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MicroSculpture Macro Photography By Levon Biss

Levon Biss uses a Digital SLR to take impressive macro photographs of insects, combining 8000 photos to produce one high resolution image.

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Levon Biss Mantis Fly

Levon Biss - Mantis Fly

Levon Biss has produced a number of extremely detailed macro photographs of a range of insects, which will be on display at the Museum of Natural History in Oxford, from 27 May to 30 October 2016.

Levon Biss uses a 36 megapixel Nikon D810, and each image is made up of around 8-10,000 individual photographs, using a 10x microscope objective attached via a 200mm prime lens, and the images are then stacked together to form one image. The website lets you view the insects, and zoom in to see incredible levels of detail.

Microsculpture from Levon Biss on Vimeo.

From Oxford University Museum of Natural History:


Large-scale photographic exhibition reveals hidden beauty of insects at Oxford University Museum of Natural History Microsculpture 


The Insect Portraiture of Levon Biss

The beautiful, surprising, and often outright bizzare microscopic form of insects is presented in breathtaking clarity in a new exhibition by British photographer Levon Biss at the Museum of Natural History in Oxford. Created as part of the Museum’s Visions of Nature year in 2016, Microsculpture shows specimens from the collection like never before, in large-format and exquisitely-lit detail.

On show in the main court, the largest of Microsculpture’s photographic prints measure up to three metres across and surround the visitor. Seen alongside the tiny insect specimens themselves, this huge transformation of scale offers a unique viewing experience. 


Levon Biss - Jewel Longhorn BeetleLevon Biss - Jewel Longhorn Beetle

The specimens on show have been carefully selected by Dr James Hogan, an entomologist in the Museum’s Life Collections, to reveal the array of sculptural forms visible in insects at the microscopic level. Visitors can view the intricate shapes, colours and microsculpture of the creatures up close in the pin-sharp photographs, before stepping back to take in the beauty of the insect as a whole.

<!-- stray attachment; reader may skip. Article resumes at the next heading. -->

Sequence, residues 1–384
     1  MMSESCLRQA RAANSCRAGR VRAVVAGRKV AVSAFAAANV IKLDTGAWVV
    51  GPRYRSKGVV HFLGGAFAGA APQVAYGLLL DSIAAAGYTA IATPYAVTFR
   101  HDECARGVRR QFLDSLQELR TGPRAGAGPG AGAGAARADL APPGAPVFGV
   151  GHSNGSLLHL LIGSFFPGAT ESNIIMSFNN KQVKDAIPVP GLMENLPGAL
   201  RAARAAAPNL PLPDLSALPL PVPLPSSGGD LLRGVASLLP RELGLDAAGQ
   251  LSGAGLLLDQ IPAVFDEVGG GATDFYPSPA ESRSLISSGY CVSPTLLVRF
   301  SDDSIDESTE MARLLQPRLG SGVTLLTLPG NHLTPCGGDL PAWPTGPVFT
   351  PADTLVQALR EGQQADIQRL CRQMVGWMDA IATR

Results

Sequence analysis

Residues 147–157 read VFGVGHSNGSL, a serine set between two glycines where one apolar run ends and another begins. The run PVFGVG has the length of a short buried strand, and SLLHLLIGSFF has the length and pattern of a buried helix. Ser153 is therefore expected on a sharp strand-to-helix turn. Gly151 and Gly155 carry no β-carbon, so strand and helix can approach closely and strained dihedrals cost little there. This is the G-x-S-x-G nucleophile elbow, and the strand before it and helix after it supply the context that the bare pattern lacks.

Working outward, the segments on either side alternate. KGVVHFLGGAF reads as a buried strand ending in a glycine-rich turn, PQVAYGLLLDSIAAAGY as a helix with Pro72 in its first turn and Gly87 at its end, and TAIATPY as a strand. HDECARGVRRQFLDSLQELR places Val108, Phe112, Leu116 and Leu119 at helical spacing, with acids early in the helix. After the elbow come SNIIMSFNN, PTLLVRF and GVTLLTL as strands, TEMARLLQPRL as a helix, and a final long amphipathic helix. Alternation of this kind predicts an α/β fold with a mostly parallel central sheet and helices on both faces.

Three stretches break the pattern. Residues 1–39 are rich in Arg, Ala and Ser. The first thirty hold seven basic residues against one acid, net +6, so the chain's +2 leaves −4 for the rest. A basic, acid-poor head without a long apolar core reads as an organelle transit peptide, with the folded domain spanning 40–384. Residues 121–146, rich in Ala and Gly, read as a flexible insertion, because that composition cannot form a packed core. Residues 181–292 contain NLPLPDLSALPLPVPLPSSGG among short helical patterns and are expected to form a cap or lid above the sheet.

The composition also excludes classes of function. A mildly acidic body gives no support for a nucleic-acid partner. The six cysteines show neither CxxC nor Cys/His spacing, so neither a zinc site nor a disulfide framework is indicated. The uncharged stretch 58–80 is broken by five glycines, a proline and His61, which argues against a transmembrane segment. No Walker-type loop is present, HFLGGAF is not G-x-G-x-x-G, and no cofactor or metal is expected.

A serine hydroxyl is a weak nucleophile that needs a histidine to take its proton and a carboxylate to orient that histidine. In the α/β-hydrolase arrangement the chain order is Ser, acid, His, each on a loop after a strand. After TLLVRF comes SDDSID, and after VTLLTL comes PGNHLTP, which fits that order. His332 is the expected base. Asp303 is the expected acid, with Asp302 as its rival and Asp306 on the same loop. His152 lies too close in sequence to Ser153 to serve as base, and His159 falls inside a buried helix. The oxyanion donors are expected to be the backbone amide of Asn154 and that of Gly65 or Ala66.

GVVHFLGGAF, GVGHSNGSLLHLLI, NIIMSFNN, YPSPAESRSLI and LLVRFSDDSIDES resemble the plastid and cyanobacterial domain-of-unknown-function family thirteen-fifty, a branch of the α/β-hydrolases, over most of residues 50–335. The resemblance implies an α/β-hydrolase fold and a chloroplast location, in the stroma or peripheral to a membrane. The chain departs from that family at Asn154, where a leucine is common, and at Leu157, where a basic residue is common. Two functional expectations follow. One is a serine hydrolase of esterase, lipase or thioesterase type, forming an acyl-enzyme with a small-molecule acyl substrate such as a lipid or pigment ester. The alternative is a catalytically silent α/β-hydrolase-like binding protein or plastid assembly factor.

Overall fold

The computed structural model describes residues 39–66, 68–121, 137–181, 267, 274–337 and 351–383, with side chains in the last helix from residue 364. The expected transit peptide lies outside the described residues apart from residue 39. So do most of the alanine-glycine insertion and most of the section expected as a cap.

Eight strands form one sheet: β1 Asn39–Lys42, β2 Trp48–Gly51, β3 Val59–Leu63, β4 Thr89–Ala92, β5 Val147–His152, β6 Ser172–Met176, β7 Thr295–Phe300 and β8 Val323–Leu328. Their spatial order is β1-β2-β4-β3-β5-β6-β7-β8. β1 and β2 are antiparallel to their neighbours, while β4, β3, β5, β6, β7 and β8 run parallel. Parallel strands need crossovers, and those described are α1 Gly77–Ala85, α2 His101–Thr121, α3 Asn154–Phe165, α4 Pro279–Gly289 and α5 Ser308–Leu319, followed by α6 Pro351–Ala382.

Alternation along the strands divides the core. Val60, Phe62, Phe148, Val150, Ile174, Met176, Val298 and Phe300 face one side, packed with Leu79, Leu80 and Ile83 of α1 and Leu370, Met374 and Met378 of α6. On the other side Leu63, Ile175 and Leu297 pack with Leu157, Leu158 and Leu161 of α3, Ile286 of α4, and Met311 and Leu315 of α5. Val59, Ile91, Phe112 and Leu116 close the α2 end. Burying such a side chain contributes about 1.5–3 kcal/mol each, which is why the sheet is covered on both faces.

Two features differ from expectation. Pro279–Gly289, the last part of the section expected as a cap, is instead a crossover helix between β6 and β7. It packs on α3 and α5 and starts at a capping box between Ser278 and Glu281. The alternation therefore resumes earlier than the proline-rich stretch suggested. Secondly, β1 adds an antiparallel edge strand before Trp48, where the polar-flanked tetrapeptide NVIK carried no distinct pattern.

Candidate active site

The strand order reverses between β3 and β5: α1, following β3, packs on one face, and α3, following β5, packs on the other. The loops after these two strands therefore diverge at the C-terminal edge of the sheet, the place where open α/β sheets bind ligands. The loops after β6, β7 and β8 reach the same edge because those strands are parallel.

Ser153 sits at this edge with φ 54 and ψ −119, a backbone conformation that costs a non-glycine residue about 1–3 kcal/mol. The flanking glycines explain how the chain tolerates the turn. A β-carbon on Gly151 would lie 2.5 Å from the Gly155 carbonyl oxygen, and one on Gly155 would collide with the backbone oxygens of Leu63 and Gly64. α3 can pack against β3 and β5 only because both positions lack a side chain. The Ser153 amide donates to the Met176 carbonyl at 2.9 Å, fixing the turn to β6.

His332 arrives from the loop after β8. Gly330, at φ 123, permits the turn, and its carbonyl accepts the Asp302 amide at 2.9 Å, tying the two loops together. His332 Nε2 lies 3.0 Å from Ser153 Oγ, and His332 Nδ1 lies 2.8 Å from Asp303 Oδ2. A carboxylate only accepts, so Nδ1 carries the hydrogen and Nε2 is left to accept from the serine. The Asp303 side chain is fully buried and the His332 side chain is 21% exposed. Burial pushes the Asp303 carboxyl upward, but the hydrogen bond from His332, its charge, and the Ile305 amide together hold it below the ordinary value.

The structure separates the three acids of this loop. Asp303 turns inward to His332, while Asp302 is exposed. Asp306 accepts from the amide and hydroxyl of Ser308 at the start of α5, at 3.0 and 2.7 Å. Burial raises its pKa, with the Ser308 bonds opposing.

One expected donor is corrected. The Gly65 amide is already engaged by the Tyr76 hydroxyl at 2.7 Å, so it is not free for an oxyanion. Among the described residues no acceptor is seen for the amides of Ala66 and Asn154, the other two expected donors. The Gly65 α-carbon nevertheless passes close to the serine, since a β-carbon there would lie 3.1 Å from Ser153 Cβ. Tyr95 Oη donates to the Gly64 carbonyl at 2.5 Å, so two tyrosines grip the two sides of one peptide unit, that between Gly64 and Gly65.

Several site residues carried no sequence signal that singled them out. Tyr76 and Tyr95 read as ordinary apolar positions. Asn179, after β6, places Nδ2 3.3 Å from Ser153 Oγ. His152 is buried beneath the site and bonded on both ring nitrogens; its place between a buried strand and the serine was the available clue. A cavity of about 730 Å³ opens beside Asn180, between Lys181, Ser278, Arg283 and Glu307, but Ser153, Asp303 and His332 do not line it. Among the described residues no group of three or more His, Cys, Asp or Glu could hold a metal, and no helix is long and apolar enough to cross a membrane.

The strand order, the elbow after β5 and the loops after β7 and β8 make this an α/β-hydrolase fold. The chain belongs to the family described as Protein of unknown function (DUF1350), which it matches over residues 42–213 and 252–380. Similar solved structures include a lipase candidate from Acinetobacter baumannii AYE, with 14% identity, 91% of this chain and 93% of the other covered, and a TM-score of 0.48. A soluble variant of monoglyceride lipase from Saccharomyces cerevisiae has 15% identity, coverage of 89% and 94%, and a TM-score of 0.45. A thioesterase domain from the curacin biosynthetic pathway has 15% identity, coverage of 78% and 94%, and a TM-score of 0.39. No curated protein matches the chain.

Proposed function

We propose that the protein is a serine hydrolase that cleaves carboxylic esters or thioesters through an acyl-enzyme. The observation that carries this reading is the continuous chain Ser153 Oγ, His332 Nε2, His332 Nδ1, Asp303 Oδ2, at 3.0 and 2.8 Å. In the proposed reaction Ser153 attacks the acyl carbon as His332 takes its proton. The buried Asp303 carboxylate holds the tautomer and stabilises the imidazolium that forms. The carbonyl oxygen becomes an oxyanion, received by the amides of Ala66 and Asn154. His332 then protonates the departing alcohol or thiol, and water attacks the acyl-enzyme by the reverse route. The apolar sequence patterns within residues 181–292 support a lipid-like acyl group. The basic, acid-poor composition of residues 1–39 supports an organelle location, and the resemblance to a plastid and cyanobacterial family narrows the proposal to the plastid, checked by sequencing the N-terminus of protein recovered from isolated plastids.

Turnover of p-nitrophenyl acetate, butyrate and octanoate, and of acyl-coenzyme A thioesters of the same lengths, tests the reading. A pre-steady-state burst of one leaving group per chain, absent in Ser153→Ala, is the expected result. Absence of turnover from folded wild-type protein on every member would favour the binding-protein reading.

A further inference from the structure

Each picture in Microsculpture is created from around 8,000 individual photographs. Segments of the specimen are lit and photographed separately, ‘stacked’ to maintain sharp focus throughout, then combined into a single high-resolution file.

“I photograph the insect in approximately 30 different sections, depending on the size of the specimen. Each section is lit differently with strobe lights to bring out the micro-sculptural beauty of that particular section of the body. For example, I will light and shoot just one antenna, then I will move on to the eye and the lighting set up will change entirely to suit the texture and contours of that part of the body. This process continues until I have covered the whole surface area of the insect.” – Levon Biss

Combining art with science, the exhibition also provides information about each creature in the show, where possible discussing the evolutionary adaptations that have given rise to its particular microsculpture form.

“It’s thought that microscopic structures alter the properties of an insect’s surface in different ways, reflecting sunlight, shedding water, or trapping air. The evolutionary process of natural selection should account for all this wonderful diversity of microstructures, but for many species their specific adaptive function is still unknown. By observing insects in the wild, studying museum collections, and developing new imaging techniques we will surely learn more about these fascinating creatures and close the gaps in our current understanding.” – Dr James Hogan, Oxford University Museum of Natural History

To see zoomable images from the Microsculpture show, visit

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andybebbs 14 643 1 England
25 Apr 2016 2:10PM
wow amazing pictures
Gaucho 20 2.8k 2 United Kingdom
25 Apr 2016 2:39PM
Stunning work. I've heard of patience but this is ridiculous!

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